Stock Market Today: A Red-Hot Start to August
Microsoft's (MSFT) interest in TikTok sends the blue chip's shares soaring Monday; EV makers such as Nio (NIO) and Workhorse Group (WKHS) jump, too.
The market kicked off the new month by rocketing higher as investors remained laser-focused on the good and shut out other discouraging developments.
For instance, Republicans and Democrats appear to be far apart on another round of urgently needed stimulus, but investors favored instead an Institute of Supply Management report showing that manufacturing improved more than expected in July, at a reading of 54.2 that was up from June's 52.6. Still, overall activity remains heavily depressed from pre-pandemic levels.
"Comments from respondents were surprisingly downbeat given the improvement in the composite," write Barclays researchers. "Only two respondents (from the 'computers and electronics'. industry and 'chemicals') seemed genuinely upbeat about demand conditions, with most others flagging a slowing pattern of new orders.
"Uncertainty and consolidation also seem to be the order of the day, with at least one respondent (transportation equipment) pointing to substantial layoffs in the coming months and another (nonmetallic metal products) stating that plans are afoot to consolidate production.
The Dow Jones Industrial Average finished up 0.9% to 26,664, the S&P 500 gained 0.7% to 3,294, and the Nasdaq Composite improved 1.5% to a record-high 10,902%. All three indices were helped by Microsoft (MSFT, +5.6%), which surged on reports that it is trying to buy the U.S. business of popular Chinese-owned social app TikTok. The app is set to be banned in the U.S. Sept. 15 as a potential national security threat over its data collection abilities.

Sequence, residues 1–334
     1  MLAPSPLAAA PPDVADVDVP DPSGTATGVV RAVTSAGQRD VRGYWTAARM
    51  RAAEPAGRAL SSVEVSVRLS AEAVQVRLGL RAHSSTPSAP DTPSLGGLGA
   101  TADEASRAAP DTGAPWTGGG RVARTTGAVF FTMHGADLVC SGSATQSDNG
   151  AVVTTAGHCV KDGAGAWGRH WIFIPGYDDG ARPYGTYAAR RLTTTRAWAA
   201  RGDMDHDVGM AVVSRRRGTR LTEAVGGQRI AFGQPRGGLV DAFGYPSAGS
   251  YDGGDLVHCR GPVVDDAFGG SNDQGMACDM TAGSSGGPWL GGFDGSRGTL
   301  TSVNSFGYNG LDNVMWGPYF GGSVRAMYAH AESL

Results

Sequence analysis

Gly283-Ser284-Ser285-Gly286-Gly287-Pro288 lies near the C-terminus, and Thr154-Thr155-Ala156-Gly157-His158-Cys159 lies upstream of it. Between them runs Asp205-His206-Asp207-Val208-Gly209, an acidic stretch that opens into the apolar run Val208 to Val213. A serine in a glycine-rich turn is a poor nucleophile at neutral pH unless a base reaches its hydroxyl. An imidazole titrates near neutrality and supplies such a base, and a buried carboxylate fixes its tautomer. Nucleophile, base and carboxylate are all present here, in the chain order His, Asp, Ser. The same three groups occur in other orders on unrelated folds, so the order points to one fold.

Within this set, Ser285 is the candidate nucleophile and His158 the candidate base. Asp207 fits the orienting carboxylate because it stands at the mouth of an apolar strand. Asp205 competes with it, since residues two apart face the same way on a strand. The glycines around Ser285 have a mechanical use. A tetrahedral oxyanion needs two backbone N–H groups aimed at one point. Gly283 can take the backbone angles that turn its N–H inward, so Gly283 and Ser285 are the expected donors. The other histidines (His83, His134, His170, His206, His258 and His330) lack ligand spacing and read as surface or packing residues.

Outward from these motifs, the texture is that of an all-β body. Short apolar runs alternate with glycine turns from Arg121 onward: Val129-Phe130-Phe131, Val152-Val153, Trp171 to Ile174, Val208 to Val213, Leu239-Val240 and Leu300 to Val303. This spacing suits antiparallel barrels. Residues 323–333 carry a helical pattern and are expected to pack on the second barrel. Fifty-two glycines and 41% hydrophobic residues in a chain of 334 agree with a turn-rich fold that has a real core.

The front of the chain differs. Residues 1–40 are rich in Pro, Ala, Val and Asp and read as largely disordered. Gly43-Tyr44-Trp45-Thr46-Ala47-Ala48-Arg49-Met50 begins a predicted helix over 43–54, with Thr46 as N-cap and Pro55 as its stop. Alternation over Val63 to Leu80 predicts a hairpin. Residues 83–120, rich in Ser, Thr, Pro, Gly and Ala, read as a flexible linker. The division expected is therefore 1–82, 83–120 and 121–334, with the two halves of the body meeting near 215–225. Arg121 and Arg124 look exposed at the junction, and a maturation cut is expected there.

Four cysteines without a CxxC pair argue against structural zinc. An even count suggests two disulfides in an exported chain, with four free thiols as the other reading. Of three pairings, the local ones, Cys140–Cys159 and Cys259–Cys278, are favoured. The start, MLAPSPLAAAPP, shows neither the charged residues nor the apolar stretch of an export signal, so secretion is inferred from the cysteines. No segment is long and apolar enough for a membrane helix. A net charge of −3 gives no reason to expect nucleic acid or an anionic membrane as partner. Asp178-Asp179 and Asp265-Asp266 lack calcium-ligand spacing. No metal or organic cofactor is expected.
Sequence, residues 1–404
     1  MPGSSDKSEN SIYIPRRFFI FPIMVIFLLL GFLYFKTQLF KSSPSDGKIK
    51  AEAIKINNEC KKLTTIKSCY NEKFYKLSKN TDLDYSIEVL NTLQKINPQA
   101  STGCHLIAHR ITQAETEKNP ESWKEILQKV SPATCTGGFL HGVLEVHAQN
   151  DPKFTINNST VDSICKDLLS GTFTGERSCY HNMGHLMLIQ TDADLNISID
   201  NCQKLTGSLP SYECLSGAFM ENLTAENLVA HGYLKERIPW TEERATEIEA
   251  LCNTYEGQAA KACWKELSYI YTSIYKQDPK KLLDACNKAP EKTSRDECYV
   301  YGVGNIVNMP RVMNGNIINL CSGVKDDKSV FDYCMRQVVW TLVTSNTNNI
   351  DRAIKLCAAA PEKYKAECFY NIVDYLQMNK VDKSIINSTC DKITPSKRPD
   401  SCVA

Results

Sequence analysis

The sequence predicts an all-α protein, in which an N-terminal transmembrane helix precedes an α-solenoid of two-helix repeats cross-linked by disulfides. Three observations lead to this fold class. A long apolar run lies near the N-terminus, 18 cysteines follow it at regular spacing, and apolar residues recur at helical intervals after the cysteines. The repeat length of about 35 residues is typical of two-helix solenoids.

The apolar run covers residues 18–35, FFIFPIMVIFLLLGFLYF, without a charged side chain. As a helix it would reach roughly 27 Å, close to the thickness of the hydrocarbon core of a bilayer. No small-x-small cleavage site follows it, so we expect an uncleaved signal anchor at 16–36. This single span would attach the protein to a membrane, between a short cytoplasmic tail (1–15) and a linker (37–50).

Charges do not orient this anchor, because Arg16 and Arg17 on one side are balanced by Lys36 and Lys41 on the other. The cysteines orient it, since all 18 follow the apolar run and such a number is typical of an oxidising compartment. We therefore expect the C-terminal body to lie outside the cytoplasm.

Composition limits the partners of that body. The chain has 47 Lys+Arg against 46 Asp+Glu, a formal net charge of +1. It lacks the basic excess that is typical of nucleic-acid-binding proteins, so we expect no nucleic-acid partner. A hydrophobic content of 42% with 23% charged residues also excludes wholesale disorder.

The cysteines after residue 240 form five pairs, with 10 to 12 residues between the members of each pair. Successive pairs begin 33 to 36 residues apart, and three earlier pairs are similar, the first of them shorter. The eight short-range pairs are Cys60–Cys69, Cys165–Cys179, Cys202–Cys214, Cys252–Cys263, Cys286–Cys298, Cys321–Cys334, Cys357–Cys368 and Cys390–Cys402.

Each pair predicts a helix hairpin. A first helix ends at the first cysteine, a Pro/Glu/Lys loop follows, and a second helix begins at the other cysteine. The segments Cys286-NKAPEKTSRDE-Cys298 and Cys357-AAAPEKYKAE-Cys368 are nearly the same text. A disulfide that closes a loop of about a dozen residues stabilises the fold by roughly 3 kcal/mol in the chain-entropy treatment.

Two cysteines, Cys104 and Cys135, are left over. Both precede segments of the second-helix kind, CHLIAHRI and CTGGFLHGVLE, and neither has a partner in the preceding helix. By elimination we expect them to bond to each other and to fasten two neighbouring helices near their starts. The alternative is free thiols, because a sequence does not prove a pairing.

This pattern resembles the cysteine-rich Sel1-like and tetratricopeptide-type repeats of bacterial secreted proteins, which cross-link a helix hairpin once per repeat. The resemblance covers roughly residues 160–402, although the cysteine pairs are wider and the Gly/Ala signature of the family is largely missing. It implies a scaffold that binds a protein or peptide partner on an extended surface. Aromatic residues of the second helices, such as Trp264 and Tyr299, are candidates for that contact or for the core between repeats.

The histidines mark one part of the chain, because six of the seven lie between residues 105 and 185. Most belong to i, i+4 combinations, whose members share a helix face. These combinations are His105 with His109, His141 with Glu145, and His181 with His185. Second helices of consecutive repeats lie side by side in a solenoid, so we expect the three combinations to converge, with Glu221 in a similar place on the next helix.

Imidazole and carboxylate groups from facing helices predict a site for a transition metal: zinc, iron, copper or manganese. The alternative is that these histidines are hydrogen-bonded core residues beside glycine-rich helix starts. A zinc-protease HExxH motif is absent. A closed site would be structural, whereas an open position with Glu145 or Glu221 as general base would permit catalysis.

The small-cap Russell 2000 continued its boom-or-bust ways of late, jumping 1.8% to 1,506. Meanwhile, gold finished 0.1% higher to $1,986.30 per ounce after crossing the $2,000 mark earlier in the day.
A Big Day for EVs and SPACs
One of the biggest industry winners Monday: electric vehicle (EV) stocks.
China's Nio (NIO, +13.8%) announced it delivered 3,533 vehicles in July, a whopping 322% year-over-year improvement. Meanwhile, electric-van maker Workhorse Group (WKHS, +23.6%) jumped on news that Lordstown Motors, which it owns a 10% stake in, will be acquired by DiamondPeak (DPHC) -- one of several special purpose acquisition companies, or SPACs, that are the latest rage on Wall Street. If you like to follow the "smart money,"
SPACs, which have been around since 1980, are a more direct way of doing it. You effectively invest your money into a company -- sponsored by private equity, hedge funds and other billionaire types -- that will then use that money to purchase another company, which is why they're sometimes also called "blank check" companies.
Read on as we explain how SPACs work and highlight several companies -- some already public, some that have filed for IPOs -- that should be on your radar.